This is what is interesting about the bio-psycho-social perspective, which is integral and conceptualises everything that surrounds the human being as ‘health’.

On the other hand, the concept of participation that we have mentioned is a central concept in this vision of health, because it is what allows people to develop their projects, their life plans and, in short, their human intentionality. There are many cases of people who are in a situation of social isolation, who do not find ways to participate, or who are discriminated against, as we have said, because of their race, gender, religion, disability, and so on.

Participation is more than activity. One can do things without participating in a wider social or community sphere. Participation means ‘taking part’ in something bigger, whether it is a group of friends, a family environment, a neighbourhood environment, etc.

As we have already said, a universal and solvent public health system (which would be an environmental factor), together with adequate scientific development, are also elements that interact with the good state of the physiological-bodily components to prevent illness or to reverse it when preventive measures have been insufficient. In other words, environmental factors also have an impact on physical factors, which in turn facilitate or hinder participation.

In this sense, we attach the greatest importance to prevention and healthy habits, as opposed to the medicalisation and chronification of physiological problems that so many industries are interested in.

But in order to have a good health system, it is necessary to include in its concept the psychosocial dimension, not only the medical one, to understand their interrelationship and to understand that this structure is dynamic and in constant change.

In fact, taking the model to an extreme (this is not what the ICF says, but we are interested in seeing it this way), we could speak of “social health” or “cultural health”. Social health as those social systems that, for example, place the human being as a central value. Cultural health as those values and intangibles that are fostered in a society and that promote, for example, reconciliation and good treatment between fellow citizens.

Pain and suffering

There is, however, a very important aspect for us as health humanists, and that is the question of human suffering.

A great distinction has been made between pain and suffering, with the former encompassing all bodily ailments. Pain is everything that happens to the body, while suffering is mental and is expressed in phenomena such as anxiety, fear, etc.

How can we include the question of human suffering in such a model of health?

Given the model we have described, we could say that bodily functions and structures fall within what we generally call “pain” because they affect the body.

But it was also said at the time that it is the development of science and the development of justice that will alleviate human “pain”. This is related to medical and scientific progress, but also to social progress, the universalisation of this knowledge and its application to society (environmental factors). Therefore, overcoming pain also involves environmental elements of the model.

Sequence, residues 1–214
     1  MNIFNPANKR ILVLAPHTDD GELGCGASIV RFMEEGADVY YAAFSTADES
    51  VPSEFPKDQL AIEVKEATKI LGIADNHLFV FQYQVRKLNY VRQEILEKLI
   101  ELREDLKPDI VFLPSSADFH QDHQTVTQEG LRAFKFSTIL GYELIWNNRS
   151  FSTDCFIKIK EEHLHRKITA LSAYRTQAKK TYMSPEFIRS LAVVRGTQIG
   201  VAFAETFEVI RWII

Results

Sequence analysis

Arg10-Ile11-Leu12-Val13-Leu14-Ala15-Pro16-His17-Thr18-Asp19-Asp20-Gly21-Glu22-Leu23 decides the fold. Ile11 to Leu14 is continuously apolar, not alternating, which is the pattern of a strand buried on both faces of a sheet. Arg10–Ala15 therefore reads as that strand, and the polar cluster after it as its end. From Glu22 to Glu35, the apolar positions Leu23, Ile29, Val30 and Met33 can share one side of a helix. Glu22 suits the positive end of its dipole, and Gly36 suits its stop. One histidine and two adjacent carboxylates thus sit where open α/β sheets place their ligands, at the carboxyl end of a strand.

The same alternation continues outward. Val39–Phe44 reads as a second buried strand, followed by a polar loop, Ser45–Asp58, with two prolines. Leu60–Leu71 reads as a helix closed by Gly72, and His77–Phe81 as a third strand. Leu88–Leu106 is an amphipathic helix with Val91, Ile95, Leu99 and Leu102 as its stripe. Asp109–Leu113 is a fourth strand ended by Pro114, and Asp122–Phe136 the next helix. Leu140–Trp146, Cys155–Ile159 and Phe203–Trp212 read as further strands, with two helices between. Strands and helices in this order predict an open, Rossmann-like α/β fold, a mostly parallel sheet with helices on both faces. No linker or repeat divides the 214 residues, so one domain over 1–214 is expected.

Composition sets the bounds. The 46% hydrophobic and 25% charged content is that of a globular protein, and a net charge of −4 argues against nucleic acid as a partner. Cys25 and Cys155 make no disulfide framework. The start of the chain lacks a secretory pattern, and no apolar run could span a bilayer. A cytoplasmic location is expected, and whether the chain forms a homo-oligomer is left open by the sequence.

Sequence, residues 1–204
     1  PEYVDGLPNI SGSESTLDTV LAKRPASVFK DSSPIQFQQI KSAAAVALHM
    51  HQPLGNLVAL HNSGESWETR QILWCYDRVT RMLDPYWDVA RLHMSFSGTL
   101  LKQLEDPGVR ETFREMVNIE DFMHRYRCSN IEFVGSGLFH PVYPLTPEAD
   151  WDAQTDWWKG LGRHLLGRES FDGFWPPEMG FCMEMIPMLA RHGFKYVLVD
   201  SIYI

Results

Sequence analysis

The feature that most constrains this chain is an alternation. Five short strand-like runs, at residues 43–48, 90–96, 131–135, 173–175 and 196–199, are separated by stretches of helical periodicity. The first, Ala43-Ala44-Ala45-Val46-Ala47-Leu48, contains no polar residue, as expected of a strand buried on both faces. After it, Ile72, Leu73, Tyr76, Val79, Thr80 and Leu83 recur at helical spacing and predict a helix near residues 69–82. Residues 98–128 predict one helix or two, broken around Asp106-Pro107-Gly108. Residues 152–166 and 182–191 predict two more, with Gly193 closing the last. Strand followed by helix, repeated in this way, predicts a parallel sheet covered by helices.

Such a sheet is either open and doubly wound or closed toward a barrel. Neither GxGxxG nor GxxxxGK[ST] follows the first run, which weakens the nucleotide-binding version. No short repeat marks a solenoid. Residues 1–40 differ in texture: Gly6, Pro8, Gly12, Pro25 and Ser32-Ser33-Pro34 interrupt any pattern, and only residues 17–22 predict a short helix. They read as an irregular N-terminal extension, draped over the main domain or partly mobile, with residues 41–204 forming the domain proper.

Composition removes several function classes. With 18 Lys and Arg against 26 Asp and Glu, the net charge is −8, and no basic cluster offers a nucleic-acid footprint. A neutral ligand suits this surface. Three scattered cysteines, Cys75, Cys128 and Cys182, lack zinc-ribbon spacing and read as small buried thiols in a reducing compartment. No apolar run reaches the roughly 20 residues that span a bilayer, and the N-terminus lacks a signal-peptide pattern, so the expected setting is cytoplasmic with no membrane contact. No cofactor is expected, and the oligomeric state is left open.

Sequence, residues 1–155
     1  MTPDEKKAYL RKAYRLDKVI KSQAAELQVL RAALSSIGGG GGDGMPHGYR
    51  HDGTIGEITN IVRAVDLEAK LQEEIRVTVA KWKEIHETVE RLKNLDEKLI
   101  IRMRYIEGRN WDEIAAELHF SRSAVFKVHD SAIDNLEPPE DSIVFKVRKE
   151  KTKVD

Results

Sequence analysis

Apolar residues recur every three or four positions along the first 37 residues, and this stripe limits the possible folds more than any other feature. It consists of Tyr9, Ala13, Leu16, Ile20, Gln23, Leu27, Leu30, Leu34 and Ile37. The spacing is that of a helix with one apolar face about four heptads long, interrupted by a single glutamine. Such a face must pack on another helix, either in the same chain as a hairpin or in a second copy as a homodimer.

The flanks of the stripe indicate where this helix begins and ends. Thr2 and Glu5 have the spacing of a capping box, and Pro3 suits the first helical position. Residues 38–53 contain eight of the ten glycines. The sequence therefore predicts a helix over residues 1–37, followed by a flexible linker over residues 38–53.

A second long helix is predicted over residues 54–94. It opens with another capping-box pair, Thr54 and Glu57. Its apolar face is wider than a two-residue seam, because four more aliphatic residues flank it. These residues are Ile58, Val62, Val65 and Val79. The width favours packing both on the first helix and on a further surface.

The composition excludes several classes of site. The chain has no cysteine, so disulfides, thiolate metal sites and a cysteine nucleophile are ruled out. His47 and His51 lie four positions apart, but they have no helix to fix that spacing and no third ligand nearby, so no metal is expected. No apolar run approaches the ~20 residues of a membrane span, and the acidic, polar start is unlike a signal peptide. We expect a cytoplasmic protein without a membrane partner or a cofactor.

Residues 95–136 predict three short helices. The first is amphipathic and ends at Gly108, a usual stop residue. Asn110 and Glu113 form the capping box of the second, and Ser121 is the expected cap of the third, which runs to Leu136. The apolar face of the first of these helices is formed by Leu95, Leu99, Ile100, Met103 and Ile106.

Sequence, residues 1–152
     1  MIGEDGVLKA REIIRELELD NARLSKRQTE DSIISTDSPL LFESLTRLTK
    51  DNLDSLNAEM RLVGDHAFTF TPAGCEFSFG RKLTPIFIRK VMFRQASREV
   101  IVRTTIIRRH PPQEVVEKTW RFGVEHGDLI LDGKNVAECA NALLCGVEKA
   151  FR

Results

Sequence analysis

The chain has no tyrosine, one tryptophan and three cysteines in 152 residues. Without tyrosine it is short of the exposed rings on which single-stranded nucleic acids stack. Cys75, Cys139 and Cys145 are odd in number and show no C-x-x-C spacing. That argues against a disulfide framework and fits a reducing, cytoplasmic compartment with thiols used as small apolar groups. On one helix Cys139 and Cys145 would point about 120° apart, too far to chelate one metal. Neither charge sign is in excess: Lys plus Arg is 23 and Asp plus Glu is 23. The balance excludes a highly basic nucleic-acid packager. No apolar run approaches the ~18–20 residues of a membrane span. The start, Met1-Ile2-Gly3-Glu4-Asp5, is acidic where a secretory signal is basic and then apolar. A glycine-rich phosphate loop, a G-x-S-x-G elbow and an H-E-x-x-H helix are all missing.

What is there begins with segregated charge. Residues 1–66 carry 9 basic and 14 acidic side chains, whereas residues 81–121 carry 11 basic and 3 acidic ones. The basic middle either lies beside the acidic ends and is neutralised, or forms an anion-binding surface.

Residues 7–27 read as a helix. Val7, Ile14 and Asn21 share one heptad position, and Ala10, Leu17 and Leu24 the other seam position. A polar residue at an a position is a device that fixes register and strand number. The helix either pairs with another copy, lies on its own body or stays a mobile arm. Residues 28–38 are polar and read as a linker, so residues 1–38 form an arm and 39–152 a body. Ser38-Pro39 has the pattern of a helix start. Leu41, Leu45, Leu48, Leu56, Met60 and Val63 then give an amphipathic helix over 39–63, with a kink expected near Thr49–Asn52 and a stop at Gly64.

But overcoming human suffering goes beyond the simple psychological health that this model will propose, beyond the simple activity and participation of the person in his or her environment. One can suffer from having an illness, from feeling lonely or isolated, from lacking the most basic elements of survival, or from living in a state of meaninglessness.

Human suffering has to do with something deeper than mere psychological discomfort. It has to do with desires, with expectations, with the fear of losing things and people, with possessions… it has to do with certain beliefs, with certain illusions about life, about the length of life, about the meaning that life can have, and so on.

The overcoming of suffering, given by the possessive mechanics of consciousness, thus escapes the model of health studied, which is why it should be integrated in some way as a fundamental factor in a new definition of human health. That is, to introduce an existential, even spiritual, aspect into the definition of health.

You could say that human health is understood as

The physiological state of my body, the degree of activity and participation I have in my daily environment, the physical, social and attitudinal environmental conditions that allow me to participate, and the state of inner unity and meaning I register towards existence and life.

Finally, here is a series of questions that can be used as a basis for developing these themes.

Could it be said that the degree of health is the degree of pain and suffering, and that health is the overcoming of pain and suffering (in this general sense)?

How might we include the issue of suffering in the concept of health?

Would we be interested in talking about social health or cultural health? How would we develop these concepts, what components would they have?

If you would like to participate in the REHUNO Health Cycle of Open Meetings, please write to us: rehuno.salud@gmail.com

i International Classification of Functioning, Disability and Health: ICF. World Health Organization, 2001. Published by: Ministry of Labour and Social Affairs. Secretary General for Social Affairs. Instituto de Migraciones y Servicios Sociales (IMSERSO), Spain.